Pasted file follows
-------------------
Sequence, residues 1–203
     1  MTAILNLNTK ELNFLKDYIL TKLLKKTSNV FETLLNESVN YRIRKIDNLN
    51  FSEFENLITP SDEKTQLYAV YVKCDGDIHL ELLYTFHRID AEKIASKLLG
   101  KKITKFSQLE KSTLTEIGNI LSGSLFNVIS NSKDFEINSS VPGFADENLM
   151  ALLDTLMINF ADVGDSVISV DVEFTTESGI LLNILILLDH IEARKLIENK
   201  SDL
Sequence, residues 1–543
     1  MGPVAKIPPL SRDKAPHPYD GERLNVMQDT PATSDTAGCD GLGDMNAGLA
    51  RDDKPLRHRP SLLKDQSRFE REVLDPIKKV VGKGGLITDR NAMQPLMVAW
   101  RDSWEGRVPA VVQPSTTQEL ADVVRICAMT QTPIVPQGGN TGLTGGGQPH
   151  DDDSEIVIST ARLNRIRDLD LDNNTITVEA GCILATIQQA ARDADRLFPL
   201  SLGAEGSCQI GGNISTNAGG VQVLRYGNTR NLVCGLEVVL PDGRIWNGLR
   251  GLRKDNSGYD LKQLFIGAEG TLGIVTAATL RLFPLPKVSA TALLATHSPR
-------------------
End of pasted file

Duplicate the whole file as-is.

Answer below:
Sequence, residues 1–203
     1  MTAILNLNTK ELNFLKDYIL TKLLKKTSNV FETLLNESVN YRIRKIDNLN
    51  FSEFENLITP SDEKTQLYAV YVKCDGDIHL ELLYTFHRID AEKIASKLLG
   101  KKITKFSQLE KSTLTEIGNI LSGSLFNVIS NSKDFEINSS VPGFADENLM
   151  ALLDTLMINF ADVGDSVISV DVEFTTESGI LLNILILLDH IEARKLIENK
   201  SDL
Sequence, residues 1–543
     1  MGPVAKIPPL SRDKAPHPYD GERLNVMQDT PATSDTAGCD GLGDMNAGLA
    51  RDDKPLRHRP SLLKDQSRFE REVLDPIKKV VGKGGLITDR NAMQPLMVAW
   101  RDSWEGRVPA VVQPSTTQEL ADVVRICAMT QTPIVPQGGN TGLTGGGQPH
   151  DDDSEIVIST ARLNRIRDLD LDNNTITVEA GCILATIQQA ARDADRLFPL
   201  SLGAEGSCQI GGNISTNAGG VQVLRYGNTR NLVCGLEVVL PDGRIWNGLR
   251  GLRKDNSGYD LKQLFIGAEG TLGIVTAATL RLFPLPKVSA TALLATHSPR